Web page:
UK investigates ‘illegal Jewish schools’

Education Department allegedly destroyed evidence of thousands of Jewish children studying in illegal religious schools in London.

Shoshana Miskin,

Haredi Jews in London
Haredi Jews in London

Department for Education (DfE) officials in the United Kingdom are under investigation, after it was revealed that documents which allegedly contained evidence about Jewish boys being sent to illegal religious schools were destroyed, according to The Independent.

The report claims that officials shredded documents which contained records of haredi boys leaving mainstream education in the London Borough of Hackney, and that the boys attending “illegal faith schools” are allegedly experiencing physical abuse, 14-hour school days and substandard education.

Jonathan Arkush, President of the Board of Deputies of British Jews, said there was no “serious evidence of mistreatment of children,” and speculated whether the schools were tacitly tolerated because there was no room for the pupils in mainstream schools.

Since 2008 it has been illegal under UK law to run an unregistered school. Jewish community leaders have called for the schools to “get legal."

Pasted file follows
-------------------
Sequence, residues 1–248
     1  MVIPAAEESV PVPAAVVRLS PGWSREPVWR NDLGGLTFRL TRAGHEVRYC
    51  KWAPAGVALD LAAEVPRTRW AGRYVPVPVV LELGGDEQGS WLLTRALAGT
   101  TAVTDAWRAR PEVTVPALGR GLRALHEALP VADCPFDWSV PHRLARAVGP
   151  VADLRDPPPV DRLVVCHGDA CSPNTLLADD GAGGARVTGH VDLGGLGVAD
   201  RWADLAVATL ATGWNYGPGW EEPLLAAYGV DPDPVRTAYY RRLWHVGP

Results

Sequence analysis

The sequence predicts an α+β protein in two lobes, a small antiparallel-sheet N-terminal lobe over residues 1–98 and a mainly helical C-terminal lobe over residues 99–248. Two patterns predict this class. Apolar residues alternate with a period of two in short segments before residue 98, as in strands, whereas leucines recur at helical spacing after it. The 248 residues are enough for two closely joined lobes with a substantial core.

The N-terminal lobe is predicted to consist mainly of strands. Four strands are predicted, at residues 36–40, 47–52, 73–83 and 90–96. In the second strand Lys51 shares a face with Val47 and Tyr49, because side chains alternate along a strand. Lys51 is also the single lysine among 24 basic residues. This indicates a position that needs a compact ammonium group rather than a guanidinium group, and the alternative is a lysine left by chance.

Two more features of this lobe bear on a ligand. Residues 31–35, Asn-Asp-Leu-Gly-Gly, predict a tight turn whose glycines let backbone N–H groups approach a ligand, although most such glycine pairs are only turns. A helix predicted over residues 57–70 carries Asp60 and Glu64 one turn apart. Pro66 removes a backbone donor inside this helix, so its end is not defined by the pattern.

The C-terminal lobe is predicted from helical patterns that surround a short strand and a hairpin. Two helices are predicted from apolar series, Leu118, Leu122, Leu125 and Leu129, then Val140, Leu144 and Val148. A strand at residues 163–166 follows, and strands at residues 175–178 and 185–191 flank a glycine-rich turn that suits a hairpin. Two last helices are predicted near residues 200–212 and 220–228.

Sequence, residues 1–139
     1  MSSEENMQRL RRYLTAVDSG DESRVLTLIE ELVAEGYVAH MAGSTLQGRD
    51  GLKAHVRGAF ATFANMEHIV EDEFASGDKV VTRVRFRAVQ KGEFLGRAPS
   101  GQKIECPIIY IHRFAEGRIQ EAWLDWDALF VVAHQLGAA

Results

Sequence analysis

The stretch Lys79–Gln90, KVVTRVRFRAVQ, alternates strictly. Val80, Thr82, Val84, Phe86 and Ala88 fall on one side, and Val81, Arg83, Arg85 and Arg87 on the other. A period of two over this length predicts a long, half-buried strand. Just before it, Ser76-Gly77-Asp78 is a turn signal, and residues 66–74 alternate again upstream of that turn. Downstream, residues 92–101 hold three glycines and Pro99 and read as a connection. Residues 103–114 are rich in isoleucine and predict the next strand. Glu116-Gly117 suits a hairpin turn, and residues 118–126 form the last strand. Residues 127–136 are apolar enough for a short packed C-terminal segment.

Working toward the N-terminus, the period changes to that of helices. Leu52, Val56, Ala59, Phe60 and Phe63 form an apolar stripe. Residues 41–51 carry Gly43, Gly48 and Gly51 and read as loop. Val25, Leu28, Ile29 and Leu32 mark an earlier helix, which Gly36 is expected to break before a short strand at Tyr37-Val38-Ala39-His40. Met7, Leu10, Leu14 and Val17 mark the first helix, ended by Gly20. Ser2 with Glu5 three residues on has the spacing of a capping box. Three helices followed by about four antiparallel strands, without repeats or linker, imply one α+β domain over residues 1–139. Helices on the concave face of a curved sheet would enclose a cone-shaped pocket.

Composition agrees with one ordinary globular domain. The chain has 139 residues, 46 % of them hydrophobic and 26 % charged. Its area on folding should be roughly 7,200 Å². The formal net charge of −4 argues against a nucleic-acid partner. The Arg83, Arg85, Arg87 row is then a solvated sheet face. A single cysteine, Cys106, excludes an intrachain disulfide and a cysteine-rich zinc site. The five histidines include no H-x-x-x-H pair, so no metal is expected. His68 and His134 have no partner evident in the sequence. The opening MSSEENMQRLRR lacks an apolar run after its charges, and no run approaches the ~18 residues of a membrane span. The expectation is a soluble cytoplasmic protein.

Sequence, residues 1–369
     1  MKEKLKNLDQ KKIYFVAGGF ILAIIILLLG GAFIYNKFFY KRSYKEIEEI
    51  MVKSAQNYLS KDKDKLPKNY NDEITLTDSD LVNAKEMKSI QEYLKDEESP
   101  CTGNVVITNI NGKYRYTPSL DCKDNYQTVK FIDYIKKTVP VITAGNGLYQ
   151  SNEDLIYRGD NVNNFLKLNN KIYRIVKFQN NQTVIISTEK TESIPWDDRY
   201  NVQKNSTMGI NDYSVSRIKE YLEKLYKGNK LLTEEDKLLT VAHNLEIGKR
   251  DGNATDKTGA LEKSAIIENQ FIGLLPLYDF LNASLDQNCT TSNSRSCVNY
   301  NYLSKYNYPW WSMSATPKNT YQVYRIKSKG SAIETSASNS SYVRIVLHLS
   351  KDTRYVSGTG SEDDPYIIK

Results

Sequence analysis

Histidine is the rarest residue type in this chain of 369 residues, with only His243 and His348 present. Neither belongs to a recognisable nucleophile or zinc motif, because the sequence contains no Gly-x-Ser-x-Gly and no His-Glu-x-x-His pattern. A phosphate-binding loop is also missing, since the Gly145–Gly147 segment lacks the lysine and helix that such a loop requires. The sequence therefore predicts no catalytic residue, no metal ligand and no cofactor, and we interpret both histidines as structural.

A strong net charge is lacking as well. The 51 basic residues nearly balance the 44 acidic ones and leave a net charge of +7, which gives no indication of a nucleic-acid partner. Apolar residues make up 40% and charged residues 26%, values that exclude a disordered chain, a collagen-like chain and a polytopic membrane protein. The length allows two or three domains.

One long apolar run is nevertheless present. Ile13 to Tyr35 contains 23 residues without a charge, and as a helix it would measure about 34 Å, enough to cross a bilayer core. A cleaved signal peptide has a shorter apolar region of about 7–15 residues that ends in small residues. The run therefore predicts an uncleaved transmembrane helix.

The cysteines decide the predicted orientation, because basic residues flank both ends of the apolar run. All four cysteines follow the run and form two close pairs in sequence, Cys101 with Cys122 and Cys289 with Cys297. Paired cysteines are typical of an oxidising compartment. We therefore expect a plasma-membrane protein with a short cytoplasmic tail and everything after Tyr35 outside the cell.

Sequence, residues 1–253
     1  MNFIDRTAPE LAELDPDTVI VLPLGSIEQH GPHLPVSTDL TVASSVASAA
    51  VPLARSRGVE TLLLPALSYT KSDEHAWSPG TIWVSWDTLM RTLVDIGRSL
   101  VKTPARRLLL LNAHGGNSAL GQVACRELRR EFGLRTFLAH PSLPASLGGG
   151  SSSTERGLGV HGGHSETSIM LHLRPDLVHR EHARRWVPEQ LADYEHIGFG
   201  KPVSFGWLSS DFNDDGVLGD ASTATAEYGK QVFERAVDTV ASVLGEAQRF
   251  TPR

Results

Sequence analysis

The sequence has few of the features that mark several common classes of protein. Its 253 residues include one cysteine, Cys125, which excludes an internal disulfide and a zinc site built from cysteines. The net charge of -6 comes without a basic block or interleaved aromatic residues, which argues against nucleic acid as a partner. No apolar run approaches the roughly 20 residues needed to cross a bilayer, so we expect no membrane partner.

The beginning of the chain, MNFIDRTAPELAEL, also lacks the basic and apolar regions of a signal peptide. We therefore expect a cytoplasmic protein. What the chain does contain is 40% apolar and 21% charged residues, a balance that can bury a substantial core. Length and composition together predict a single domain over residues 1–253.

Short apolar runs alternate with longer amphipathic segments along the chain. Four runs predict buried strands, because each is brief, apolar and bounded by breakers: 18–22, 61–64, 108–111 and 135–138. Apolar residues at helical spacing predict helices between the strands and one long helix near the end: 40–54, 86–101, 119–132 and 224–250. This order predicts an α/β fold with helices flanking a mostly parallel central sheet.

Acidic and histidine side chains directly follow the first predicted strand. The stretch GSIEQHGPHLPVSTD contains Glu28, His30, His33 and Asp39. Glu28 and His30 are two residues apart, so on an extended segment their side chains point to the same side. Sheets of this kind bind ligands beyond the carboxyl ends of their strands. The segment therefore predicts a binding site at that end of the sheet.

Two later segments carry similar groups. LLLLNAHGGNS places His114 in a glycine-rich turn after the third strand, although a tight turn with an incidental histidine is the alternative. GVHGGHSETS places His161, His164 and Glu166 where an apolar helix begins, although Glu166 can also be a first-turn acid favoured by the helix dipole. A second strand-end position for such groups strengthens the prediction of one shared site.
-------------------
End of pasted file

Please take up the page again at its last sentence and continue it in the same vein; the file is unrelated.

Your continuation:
“Nothing is more important than keeping children safe. Local authorities must take immediate action to establish the identities of children missing from school to ensure they are safe and receiving a good education,” said a DfE spokesperson.

“We are taking steps to strengthen our guidance to schools on safeguarding, and subject to outcomes of a recent consultation, we plan to change regulations so that schools have a duty to inform local authorities in all circumstances where a pupil is removed from a school register.”

The Office for Standards in Education, Children's Services and Skills (Ofsted), an education watchdog, has set up a task force of “eight experienced inspectors” who “receive support and intelligence from regional teams” across the country to address the problem.

“We believe there are more unregistered school operating than originally thought by the DfE and local authorities,” said an Ofsted spokesperson, stressing that the organization believed unregistered schools were a problem that needed to be addressed.

“Ofsted takes the safety of young people very seriously and has worked hard to raise the profile of unregistered schools as a serious issue. We will continue our work to ensure all children are properly safeguarded and receive a broad and balanced education.”